What I really want to do is to get a better video card. Among other things I want to get a 1920*1080 resolution monitor in the near future, Dell is selling such monitors at very low prices and there are a bunch of affordable digital cameras that record video at that resolution. Even if I can get the ES1000 to work at 1920*1080 resolution it won’t support playing Full HD resolution video – I can barely play Youtube videos with it!

I’ve previously described my experience with the awful Computers and Parts Land (CPL) store [3] where they insisted that a PCIe*16 graphics card would work in my PCIe*8 system and then claimed to be doing me a favor by giving me a credit note for the full value (not a refund). This convinced me to not bother trying to buy such a card for the past year. But now it seems that I will be forced to buy one.

What I Want to Buy

I want a PCIe*8 video card that supports 1920*1080 resolution at 24bpp and has good enough performance with free Linux drivers to support Full HD video playback. Also PCIe*4 would do, and I’m prepared to compromise on support of Full HD video. Basically anything better than the ES1000 will do.

Does anyone know how I can buy such a card? I would prefer an ATI card but will take an NVidia if necessary.

Note that I have no plans to cut one of the PCIe sockets on my motherboard (it’s an expensive system and I’m not going to risk breaking it). I will consider cutting the excess pins off a video card as a last resort. But I would rather just buy a PCIe*8 video card.

Note that I am not going to pay cash in advance to a random person who reads my blog. Anyone who wants to sell me a second-hand card must either have a good reputation in the Linux community or ship the card to me on the condition that I pay after it passes the tests.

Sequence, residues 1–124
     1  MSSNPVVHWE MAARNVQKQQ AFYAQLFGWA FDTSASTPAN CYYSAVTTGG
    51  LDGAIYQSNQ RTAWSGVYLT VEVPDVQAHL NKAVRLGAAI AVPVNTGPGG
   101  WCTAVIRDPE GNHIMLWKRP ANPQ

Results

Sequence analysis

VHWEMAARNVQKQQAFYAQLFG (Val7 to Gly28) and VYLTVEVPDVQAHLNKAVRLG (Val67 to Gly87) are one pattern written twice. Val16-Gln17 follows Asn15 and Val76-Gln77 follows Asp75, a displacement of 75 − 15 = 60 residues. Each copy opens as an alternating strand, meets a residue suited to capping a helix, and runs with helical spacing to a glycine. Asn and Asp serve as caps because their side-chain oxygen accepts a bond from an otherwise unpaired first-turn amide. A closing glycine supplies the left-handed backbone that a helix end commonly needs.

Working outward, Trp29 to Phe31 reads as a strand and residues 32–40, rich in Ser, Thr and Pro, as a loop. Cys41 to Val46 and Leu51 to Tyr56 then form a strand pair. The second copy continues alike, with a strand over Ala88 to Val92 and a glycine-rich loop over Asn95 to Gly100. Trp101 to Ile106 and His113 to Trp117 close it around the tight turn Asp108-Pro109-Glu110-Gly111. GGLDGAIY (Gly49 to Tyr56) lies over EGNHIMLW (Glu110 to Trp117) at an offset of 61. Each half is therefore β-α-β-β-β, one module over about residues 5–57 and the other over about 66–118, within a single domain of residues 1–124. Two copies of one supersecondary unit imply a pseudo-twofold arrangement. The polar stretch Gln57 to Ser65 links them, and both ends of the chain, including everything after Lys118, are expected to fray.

Update: The first version of this post said that I upgraded TO Lenny, not FROM it.

3 comments to ATI ES1000 Video on Debian/Squeeze

  • I also have a Dell T105. Last I used video on it was about a year ago, when I also concluded the ES1000 video sucks.
    I bought a second-hand Nvidia 6200LE. A cheap and simple PCIe-16 card which will run without active cooling.
    The card has a x16 connector, but actually only uses x4.

    Between deciding to cut the pins on the card, or the socket on the board I chose to cut the socket, as I bought the entire T105 for a measly 250 euro’s, and if I broke something it would probably reduce the x8 to x6 or x4, and not completely ruin it.

    Some drilling later (quite a tricky job, given crappy tools I used) the card would fit, and the system worked like a charm at at least x4 speeds. Which was more then enough to drive my 1680×1024 display.


    I think this will work. It’s PCIe 2.0, but it should work nonetheless. It uses a PCIe x1 connector. There aren’t many video cards these days that don’t use a PCIe x16 connector. I only found one other such card, and it was only available at a site I had never heard of before.

  • Iordan

    Hey, why was any drilling necessary for you to cut the PCIe port on the motherboard? Doesn’t a utility knife do the trick? (i.e. cut a slot for the card to fit in at the end of the port?)